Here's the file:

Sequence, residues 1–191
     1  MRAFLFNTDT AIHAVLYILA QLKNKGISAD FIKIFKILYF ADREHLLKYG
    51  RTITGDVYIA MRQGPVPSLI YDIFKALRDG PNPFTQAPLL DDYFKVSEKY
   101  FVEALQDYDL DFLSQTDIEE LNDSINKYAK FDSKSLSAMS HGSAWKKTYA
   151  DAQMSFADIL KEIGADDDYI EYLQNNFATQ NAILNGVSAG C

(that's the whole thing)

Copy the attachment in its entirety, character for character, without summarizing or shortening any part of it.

Sequence, residues 1–191
     1  MRAFLFNTDT AIHAVLYILA QLKNKGISAD FIKIFKILYF ADREHLLKYG
    51  RTITGDVYIA MRQGPVPSLI YDIFKALRDG PNPFTQAPLL DDYFKVSEKY
   101  FVEALQDYDL DFLSQTDIEE LNDSINKYAK FDSKSLSAMS HGSAWKKTYA
   151  DAQMSFADIL KEIGADDDYI EYLQNNFATQ NAILNGVSAG C